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As a body of water, a kill is a creek. The word comes from the Middle Dutch kille, meaning "riverbed" or "water channel".

The term is used in areas of Dutch influence in the Delaware and Hudson Valleys and other areas of the former New Netherland colony of Dutch America to describe a strait, river, or arm of the sea. Examples are Kill Van Kull and Arthur Kill, both separating Staten Island, New York from New Jersey, Dutch Kills and English Kills off Newtown Creek, Bronx Kill between the Bronx and Randalls Island, and used as a composite name, Wallkill River in New York and New Jersey, Paulinskill River that runs through Sussex and Warren County in New Jersey, and the Schuylkill River in Pennsylvania. Fresh Kills is the primary waterway that leads to the former Fresh Kills landfill which serviced the city of New York in the second half of the 20th century and was once the largest landfill in the world.[1]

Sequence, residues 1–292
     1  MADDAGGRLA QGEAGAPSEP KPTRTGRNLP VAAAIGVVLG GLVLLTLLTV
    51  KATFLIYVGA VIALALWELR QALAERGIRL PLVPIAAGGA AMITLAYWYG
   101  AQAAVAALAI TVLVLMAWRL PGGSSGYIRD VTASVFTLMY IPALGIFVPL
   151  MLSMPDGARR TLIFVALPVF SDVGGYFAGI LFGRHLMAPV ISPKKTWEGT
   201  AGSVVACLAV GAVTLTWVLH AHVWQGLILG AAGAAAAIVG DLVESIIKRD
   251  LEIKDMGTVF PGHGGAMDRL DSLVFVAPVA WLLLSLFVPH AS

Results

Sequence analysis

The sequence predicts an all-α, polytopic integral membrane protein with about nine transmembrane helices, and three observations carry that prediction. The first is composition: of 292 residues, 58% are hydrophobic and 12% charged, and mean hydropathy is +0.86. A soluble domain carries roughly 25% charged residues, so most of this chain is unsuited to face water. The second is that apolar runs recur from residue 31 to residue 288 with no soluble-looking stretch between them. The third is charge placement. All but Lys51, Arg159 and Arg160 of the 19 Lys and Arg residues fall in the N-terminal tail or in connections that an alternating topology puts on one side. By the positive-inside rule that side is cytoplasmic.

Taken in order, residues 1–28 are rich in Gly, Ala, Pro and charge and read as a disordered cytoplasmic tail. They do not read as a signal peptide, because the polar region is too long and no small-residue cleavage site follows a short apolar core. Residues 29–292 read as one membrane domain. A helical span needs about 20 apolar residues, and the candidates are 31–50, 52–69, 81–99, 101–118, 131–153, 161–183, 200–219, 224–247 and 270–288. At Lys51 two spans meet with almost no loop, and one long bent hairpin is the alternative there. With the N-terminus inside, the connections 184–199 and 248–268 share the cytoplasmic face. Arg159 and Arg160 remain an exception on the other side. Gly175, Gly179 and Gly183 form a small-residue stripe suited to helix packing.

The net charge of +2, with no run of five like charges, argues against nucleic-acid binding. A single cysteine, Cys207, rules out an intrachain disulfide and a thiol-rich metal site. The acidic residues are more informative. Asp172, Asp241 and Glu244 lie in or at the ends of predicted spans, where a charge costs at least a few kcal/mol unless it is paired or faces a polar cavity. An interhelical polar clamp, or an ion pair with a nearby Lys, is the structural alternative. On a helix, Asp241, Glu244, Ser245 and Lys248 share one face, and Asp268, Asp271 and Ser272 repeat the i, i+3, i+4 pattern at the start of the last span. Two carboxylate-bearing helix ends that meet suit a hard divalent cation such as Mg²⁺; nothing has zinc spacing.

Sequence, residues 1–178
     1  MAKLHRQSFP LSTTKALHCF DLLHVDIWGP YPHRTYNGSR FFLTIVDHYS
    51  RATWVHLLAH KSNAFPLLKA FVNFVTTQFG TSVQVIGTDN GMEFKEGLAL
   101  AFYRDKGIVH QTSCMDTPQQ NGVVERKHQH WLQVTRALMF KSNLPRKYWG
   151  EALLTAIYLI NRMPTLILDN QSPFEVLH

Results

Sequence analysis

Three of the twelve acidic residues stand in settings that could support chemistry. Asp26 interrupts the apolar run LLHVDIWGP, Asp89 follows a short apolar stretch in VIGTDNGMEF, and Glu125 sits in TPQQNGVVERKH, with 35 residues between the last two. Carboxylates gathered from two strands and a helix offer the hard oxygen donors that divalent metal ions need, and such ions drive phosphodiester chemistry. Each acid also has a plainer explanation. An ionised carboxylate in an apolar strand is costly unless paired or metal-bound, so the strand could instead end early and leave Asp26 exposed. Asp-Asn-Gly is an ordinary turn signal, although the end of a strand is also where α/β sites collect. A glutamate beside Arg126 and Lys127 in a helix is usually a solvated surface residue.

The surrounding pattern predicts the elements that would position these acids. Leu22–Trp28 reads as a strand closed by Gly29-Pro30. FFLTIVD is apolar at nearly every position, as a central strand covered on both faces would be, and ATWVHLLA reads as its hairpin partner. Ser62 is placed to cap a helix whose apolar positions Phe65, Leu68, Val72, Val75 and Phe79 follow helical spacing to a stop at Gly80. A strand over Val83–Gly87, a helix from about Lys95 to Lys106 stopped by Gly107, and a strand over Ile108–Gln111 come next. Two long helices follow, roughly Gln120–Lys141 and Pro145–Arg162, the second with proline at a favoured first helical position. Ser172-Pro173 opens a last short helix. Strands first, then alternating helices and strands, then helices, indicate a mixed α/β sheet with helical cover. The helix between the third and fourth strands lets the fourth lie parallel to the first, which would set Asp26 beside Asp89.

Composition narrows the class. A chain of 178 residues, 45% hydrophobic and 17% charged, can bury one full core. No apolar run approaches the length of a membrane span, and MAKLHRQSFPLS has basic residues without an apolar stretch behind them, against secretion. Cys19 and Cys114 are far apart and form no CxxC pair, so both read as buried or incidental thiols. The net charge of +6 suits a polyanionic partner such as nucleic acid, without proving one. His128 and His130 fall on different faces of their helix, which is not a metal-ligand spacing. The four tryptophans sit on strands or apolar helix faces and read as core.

The term is incorporated into several rivers in Delaware including the Murderkill River, the Broadkill River, and the Whorekill River. "Kill" also shows up in many location names such as the Catskill Mountains, the city of Peekskill, the town of Fishkill, New York, and the hamlet of Wynantskill, New York.

A reference to 'kil' can be found in Dutch geographical names, e.g. Dordtsche Kil, Sluiskil (in the Terneuzen municipality), or Kil van Hurwenen.